I will honestly say that I loved more Sacre Coeur Cathedral than Notre Dame. If you ask me why, I cannot tell. Is just a feeling. Marius for instance loved the other one more. I really love the place where the cathedral was built, on the hill and the view you can have from there. Breathtaking. Well, the neighborhoods you have to cross to get there aren’t very nice and you can find many people trying to fool the tourists (very sad to say this but most of them were Romanians or Gypsies born in Romania). You can visit the basement of the cathedral or go up and have a panoramic view (you have to pay for it but honestly I think you will see the same things you can see from the stairs of the cathedral). Behind the cathedral there is a small neighborhood called the Painters Neighborhood. This spirit is still there because you can see paintings and painters everywhere. Very cute and…well, expensive.

  1. Grevin Museum

This was the funniest museum I have ever visited. Is a wax museum and I had the opportunity to meet great ‘’people’’ there. There were also many actors and singers who asked me for a picture and I couldn’t say no J.  The visit begins with a lights show which is very nice and worth to see. The entrance costs 25 euros for an adult, but Marius paid 20 euro having a student discount. I strongly recommend it. We discovered it in a commercial that was printed on our map:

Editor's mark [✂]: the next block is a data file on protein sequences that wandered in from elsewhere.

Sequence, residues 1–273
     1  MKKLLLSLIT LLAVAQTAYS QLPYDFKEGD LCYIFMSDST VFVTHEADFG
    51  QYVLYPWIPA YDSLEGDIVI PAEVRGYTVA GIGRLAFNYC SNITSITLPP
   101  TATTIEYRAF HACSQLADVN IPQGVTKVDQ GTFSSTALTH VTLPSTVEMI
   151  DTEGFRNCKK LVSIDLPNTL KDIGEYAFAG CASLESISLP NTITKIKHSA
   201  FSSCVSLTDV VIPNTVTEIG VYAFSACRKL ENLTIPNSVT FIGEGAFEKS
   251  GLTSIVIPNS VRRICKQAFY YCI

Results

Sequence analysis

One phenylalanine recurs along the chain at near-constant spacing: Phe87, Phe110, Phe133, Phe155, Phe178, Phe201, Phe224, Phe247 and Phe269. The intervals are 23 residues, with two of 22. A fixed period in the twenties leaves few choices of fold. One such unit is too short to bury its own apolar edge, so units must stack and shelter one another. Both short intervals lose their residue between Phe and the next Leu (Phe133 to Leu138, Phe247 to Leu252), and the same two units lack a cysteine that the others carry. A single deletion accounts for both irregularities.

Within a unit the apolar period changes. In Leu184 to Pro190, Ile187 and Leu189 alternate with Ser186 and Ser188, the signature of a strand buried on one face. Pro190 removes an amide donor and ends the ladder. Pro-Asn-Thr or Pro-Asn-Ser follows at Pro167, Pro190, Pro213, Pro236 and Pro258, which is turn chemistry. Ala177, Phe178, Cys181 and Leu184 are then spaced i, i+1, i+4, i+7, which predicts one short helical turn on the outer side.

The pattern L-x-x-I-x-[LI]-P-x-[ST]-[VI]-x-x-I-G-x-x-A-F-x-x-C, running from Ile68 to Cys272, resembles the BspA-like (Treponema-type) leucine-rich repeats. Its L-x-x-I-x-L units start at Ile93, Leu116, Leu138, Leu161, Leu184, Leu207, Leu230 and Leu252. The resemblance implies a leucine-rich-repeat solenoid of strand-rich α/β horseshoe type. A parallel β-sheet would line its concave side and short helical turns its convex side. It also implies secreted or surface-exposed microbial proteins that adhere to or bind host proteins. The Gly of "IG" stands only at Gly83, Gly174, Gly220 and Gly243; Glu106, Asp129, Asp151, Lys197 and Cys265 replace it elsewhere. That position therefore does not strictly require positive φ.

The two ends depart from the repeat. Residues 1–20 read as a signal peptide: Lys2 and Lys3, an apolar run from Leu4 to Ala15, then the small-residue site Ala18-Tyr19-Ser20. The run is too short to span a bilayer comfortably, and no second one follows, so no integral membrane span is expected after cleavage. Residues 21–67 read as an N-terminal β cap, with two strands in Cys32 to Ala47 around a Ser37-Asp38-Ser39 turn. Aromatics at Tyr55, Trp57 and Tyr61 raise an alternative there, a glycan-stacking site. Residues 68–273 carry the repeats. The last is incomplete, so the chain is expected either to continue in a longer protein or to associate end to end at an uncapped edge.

More about it here:

  1. Georges Pompidou Art Center

The building hosts the Modern Art Museum, but the reason we went there was Brancusi’s Art Galleries. If you did not know it, Constantin Brancusi was born in Romania but he spent most of his life in France. His Art Gallery is very interesting, it can be visited every day from 14:00 to 18:00 and the entrance is free. You can see his sculptures exactly in the position he has put them in his working area. For me, the most impressive thing was a piece of his testament, telling that he wants all his sculptures to be inherited by France. What I did not like was the fact that there was no mention of the fact that some of the most important sculptures he realized are in Romania, at Targu Jiu, near the village he was born in.